Vanessa joined the Illinois Sustainable Technology Center (ISTC) in December 2021 as an environmental engineer. Prior to joining the ISTC team, she worked at the U of I College of Veterinary Medicine performing case work and research related to veterinary infectious disease with a primary focus on micro and molecular biology. She also spent her early career with the Allen Institute for Brain Science managing research on mouse genetics and neuroscience. Her research is currently focused on improvement of algal systems for wastewater treatment. Projects topics include hydrothermal liquifaction, nanofiltration, algal toxin destruction, bioaugmentation, and endoreduplication.
Vanessa recently answered some questions about her work.
Tell us a little bit about yourself and your role at ISTC?
I’m relatively new to ISTC, and my primary research currently revolves around using algae to treat wastewater and producing biofuels from that algal biomass. I previously worked at the College of Vet Med, Veterinary Diagnostic Lab doing microbiology clinical case work for over six years. I also worked at the Smithsonian National Zoo and Allen Institute for Brain Science, so I have had a lot of different experiences in my career. I earned my bachelor’s degree in biology at St. Norbert College and my Master’s degree in natural resources and environmental science (NRES) from the University of Illinois Urbana-Champaign. I have a strong interest in microorganisms, plants, and animals so natural sciences are a great fit for me. I have two kitties and love to garden and play video games in my free time!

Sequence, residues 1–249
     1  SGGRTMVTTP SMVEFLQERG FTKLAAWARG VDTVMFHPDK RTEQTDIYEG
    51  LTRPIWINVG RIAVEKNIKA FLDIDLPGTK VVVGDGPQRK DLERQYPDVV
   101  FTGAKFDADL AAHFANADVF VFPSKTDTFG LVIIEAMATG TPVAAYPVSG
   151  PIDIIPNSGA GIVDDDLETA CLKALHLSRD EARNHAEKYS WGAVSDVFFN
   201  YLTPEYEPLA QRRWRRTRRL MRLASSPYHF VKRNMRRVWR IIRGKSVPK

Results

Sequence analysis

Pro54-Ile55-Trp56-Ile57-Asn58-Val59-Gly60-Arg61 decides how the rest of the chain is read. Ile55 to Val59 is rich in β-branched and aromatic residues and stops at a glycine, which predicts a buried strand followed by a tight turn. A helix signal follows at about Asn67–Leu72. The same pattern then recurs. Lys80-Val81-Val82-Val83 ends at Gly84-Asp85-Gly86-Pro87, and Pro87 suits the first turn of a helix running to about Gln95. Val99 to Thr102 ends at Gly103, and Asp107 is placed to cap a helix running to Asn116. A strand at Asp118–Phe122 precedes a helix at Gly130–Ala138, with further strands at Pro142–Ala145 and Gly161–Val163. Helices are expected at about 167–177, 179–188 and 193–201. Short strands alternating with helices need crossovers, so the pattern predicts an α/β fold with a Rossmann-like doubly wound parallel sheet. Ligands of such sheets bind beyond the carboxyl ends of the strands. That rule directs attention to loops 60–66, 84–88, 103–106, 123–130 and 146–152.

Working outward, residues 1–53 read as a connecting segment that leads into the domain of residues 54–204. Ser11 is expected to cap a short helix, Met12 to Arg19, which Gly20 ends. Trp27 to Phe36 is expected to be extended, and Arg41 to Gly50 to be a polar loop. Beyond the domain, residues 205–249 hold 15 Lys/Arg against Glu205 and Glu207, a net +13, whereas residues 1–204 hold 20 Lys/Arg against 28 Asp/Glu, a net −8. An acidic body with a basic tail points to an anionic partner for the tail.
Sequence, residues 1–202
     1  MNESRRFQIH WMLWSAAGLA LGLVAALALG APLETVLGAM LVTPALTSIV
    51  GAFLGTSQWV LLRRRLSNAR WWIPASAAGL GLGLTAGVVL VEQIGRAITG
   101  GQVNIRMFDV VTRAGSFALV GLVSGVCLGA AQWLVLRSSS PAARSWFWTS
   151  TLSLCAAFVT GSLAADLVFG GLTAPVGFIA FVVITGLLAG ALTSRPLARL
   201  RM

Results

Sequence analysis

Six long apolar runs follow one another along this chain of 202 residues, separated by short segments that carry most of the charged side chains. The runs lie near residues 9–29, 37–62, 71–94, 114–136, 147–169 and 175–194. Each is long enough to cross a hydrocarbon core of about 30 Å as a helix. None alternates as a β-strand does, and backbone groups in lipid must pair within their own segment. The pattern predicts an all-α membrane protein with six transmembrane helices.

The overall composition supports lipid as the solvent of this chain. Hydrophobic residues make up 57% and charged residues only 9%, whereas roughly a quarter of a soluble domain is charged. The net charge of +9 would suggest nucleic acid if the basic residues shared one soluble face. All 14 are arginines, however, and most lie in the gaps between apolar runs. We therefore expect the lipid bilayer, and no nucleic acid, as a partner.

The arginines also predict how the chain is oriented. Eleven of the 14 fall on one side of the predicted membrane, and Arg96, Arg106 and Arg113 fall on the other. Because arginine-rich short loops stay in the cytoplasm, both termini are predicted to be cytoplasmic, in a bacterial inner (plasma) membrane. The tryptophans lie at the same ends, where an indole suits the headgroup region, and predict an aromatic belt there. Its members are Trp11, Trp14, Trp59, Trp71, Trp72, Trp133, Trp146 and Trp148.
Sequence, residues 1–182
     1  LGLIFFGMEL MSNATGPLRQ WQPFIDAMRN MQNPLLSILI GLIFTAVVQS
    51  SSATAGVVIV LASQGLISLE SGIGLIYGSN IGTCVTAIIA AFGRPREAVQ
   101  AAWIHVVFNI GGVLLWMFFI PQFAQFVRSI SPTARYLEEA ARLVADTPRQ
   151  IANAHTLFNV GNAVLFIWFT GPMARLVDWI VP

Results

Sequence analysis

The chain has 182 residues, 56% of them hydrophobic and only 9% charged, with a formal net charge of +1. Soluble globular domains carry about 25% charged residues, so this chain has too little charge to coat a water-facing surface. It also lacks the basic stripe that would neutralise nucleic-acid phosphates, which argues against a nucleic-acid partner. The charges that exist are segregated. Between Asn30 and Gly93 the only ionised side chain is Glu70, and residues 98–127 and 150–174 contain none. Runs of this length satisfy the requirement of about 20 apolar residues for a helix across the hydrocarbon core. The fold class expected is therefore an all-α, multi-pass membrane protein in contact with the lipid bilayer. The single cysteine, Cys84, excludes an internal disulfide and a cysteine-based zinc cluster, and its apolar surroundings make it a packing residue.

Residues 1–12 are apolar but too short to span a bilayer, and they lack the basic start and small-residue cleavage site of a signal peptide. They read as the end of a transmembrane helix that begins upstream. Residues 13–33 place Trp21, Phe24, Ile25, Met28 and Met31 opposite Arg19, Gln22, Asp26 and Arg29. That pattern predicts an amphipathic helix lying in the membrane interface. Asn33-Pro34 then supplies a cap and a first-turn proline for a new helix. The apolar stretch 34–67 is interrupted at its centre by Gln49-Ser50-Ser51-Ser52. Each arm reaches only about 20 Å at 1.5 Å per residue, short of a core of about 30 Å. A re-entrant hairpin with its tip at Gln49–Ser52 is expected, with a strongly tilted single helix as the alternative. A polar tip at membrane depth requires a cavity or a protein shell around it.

What drew you to your particular area of study?
While working at Vet Med I decided to further my education, and chose NRES because I still had a strong interest in the field, but wanted to continue working with microorganisms. I hope to mix my love of microbiology and environmental science to make a positive impact by coming to ISTC!
What tools are indispensable to your fieldwork?
For my work I have a mix of laboratory, project management, and pilot-scale field work. I could be sampling wastewater sludge, teaching a group of students, or I could be analyzing data on any given day. My most valuable tools are Evernote to keep myself organized, Excel to process data, sample vials, and a microscope!
What do you wish more people understood about your work?
That there is no perfect one size fits all solution to our problems. It takes many minds and many solutions to tackle big problems. I also wish people understood that microorganisms can have a big impact on an ecosystem, even though you can’t always see them at work.
This story first appeared on the People of PRI Blog. Read the original story.